Profile: Alan Rickman

by Diane Solway

European Travel and Life - August 1991

Though Alan Rickman has made his name portraying such compelling villains as the Vicomte de Valmont, the manipulative seducer in the London and Broadway versions of Les Liaisons Dangereuses, and Hans Gruber, the viperish German pseudo-terrorist in the hit film Die Hard, the British actor visibly bristles when asked why he feels he's been most successful playing sinister characters.

"The word 'villain' doesn't mean anything to me," says the 45-year-old Rickman, whose bold, insinuating stage and screen persona seems layers removed from the unassuming, barely audible actor now shifting uncomfortably in his chair over morning coffee at London's Blakes Hotel. Wearing blue jeans, a denim shirt, and a colorful Jean Paul Gautier tie, the actor quickly dismisses the subject of typecasting. Then, sensing perhaps that he should at least attempt an answer, he explains: "Each character I play has different dimensions. I'm not interested in words that pull them together. The whole business of laying yourself on the line is difficult whatever the character. It's my life as well as my work, so when people try to stick a label on my life, I think, 'It doesn't seem like that to me.'"

Rickman's gallery of rogues certainly hasn't been filled with the usual suspects. His specialty isn't the usual street thug or gangster, but rather the coldly elegant, calculating mastermind - the thinking man's villain. The Vicomte de Valmont, the sexually scheming French aristocrat that Rickman played in Christopher Hampton's stage play of Les Liaisons Dangereuses, plots various conquests merely to amuse himself - and to dishonor the many women who fall prey to his charms. In Die Hard, Rickman's ruthless Gruber is the dapper ringleader of a gang of European thieves intent on pulling off a major heist in an L.A. office tower. And in The Barchester Chronicles, the popular BBC miniseries that launched Rickman from the ranks of the unknown in 1982, the actor portrayed a creepy, conniving chaplain named Obadiah Slope.

"I'm a lot less serious than people think," says Rickman, whose narrow hazel eyes, long nose, and curling lip accented by a neat mustache do give off a certain air of menace. "It's probably because the way my face is put together."

If Rickman hopes to shed his constraining bad-guy image, his performance as the dastardly Sheriff of Nottingham in Robin Hood: Prince of Thieves, his latest move, is unlikely to advance him toward that goal. The $50-million adventure epic opened in June and stars Kevin Costner, Morgan Freeman, Christian Slater, and Mary Elizabeth Mastrantonio. Shot on location in England and France and at London's Shepperton Studios, this Robin Hood was four months in the making and provides a fresh and darker telling of the familiar seven-hundred-year-old tale, most memorably brought to the screen in 1938 with Errol Flynn in the leading role. Rickman's Sheriff ("the character you are not supposed to like," he allows) deals in black magic and spells, while Costner's Robin Hood is teamed up with a new companion, a princely Moor (Freeman) with whom he escapes from captivity during the Crusades.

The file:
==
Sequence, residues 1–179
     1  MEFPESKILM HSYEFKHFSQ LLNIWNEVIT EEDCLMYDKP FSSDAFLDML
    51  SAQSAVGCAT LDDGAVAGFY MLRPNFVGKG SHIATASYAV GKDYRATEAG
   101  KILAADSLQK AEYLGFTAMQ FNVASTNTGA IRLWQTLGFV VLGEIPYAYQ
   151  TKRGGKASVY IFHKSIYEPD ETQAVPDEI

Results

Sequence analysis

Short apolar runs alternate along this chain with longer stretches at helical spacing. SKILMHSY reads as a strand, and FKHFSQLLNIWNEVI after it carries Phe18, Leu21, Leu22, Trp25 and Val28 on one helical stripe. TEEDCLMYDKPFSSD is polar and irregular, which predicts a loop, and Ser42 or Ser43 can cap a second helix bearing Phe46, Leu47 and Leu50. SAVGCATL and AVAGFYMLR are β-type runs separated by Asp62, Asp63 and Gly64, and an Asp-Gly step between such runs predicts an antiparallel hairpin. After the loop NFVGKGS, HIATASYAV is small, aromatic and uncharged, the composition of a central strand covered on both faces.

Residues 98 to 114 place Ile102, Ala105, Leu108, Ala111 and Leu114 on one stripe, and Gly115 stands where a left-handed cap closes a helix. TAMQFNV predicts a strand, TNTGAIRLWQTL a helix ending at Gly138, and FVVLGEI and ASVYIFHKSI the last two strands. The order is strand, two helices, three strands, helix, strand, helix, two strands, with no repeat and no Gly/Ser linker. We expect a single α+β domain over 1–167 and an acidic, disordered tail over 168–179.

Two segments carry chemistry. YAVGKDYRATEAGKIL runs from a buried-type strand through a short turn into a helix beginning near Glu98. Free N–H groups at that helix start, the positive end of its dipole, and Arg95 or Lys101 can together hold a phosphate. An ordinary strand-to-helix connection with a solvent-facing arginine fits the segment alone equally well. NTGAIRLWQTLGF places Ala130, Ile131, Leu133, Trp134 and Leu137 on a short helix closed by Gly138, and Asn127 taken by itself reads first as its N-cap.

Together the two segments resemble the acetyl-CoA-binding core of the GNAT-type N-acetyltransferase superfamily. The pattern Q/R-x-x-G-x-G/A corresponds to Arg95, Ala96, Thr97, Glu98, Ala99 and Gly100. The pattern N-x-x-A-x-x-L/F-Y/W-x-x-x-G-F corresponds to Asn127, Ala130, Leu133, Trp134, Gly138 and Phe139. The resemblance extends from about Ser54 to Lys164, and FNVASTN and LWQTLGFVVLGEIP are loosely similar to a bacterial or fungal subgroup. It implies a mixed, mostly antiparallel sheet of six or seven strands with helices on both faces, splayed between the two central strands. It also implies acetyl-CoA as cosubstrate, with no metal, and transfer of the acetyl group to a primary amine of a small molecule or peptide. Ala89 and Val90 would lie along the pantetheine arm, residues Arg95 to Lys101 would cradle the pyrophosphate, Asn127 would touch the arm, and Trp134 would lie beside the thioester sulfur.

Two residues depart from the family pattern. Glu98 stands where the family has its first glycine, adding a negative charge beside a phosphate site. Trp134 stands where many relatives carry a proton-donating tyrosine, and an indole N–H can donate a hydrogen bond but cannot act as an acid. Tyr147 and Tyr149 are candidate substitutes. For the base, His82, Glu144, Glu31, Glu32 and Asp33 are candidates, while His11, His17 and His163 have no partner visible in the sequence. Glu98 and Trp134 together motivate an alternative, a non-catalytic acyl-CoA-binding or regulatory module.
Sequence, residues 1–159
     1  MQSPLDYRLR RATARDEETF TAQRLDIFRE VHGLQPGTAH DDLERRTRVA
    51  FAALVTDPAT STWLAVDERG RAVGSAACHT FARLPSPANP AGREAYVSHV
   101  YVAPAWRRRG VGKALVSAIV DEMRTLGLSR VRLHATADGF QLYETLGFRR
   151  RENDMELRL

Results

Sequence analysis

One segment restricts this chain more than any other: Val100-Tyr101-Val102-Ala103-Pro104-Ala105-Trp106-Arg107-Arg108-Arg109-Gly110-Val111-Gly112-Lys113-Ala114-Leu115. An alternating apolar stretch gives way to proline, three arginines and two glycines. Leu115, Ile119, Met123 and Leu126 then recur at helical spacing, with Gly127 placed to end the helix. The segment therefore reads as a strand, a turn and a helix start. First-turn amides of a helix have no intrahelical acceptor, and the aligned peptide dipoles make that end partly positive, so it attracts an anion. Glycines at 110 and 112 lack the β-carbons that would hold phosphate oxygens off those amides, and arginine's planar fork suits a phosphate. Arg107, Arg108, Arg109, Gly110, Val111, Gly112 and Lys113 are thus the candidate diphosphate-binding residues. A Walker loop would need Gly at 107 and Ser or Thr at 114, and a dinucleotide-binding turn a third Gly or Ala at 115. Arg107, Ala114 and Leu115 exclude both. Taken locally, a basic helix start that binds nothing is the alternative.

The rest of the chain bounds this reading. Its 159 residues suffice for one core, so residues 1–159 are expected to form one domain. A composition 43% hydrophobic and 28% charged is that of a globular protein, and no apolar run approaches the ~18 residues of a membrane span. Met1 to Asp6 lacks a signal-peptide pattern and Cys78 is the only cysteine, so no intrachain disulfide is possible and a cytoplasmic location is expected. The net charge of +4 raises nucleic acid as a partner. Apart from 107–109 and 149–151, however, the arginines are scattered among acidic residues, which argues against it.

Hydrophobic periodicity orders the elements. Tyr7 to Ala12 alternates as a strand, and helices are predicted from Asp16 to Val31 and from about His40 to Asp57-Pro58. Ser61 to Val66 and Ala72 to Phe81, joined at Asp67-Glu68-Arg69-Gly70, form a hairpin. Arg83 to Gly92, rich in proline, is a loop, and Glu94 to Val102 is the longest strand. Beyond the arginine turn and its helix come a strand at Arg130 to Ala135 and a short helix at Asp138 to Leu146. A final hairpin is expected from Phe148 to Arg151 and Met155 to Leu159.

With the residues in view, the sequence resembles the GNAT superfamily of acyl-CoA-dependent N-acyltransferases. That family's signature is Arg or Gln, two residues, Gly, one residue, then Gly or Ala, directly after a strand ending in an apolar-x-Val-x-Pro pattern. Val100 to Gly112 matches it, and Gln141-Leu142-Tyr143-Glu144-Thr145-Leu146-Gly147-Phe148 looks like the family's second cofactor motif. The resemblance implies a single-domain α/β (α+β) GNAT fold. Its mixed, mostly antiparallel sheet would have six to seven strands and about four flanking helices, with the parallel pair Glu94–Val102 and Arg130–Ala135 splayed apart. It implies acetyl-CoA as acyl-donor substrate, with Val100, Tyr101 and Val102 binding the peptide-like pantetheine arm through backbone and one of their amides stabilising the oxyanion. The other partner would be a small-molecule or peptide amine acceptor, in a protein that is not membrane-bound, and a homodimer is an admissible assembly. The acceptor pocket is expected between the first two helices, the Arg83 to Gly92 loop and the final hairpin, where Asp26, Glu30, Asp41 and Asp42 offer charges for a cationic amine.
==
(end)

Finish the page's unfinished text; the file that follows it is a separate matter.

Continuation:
"Our film is more like Raiders of the Lost Sherwood Forest," says the sandy-haired Rickman, brightening as he recalls the sheer energy and physicality that went into playing the Sheriff, a role that called for him to ride horses through "that" forest and to perform his own sword-fighting sequences.

"Kevin and I are essentially the bookends of the story. The Sheriff is pretty certifiable, but I think he's someone audiences can hate and laugh at. I tried to make him funny. I've also made him as black as possible - there are absolutely no colors on his costume. We tried using my own hair and that didn't work, so we put a raven-colored wig on him. I got the outline first and then put it all on and said, 'Now how does this feel? Yeah, this feels like somebody who kicks doors down and hits people and stamps his feet when he doesn't get what he wants.'"

According to the buzz at the time of the film's opening, Costner found Rickman's Sheriff a little too bookendish for his taste: There were reports that Costner was "concerned" that Rickman's performance was so strong that he'd steal the show, and that the film was re-edited at the last minute to flesh out Costner's character. Rickman, however, voices his admiration for Costner and his low-key approach to his own fame. "The first time I thought 'Well, there's a real person' was late one evening when Mary Elizabeth and I were standing on some platform delivering lines to nobody," says Rickman. "The next thing I knew, somebody was lying on the ground reading lines that weren't even his so that we would have someone to play off, and I looked down and it was Kevin Costner. He had just finished a long day of filming, and I thought, 'Three cheers for you.'"

Over the last year, Rickman has starred in four movies, shot in quick succession. In contrast to his loony caricature in Robin Hood, Rickman gave a charming and subtle performance in the chamber-size Truly, Madly, Deeply, which opened in May, an extremely affecting film about a woman (Juliet Stevenson) whose dead lover (Rickman) one day reappears in her flat; the plot may seem a bit stale in light of last year's Oscar-nominated hit Ghost, but many found it a good deal more inventive.

At the Berlin Film Festival earlier this year, Rickman was seen in Stephen Poliakoff's Close My Eyes, the British playwright and director's film about a man, played by Rickman, whose wife is having an affair with her brother. Last spring, the actor also starred as a government interrogator in Closet Land, a chilling two-character film about an author of children's books who has been summoned for questioning because her latest story is thought to be subversive. Reminiscent of Kafka's The Trial but not nearly so effective, the film met with largely poor reviews. "When we were making the film, I thought, 'This could be too relentless,'" Rickman noted. "I mean, there wasn't a single joke in it."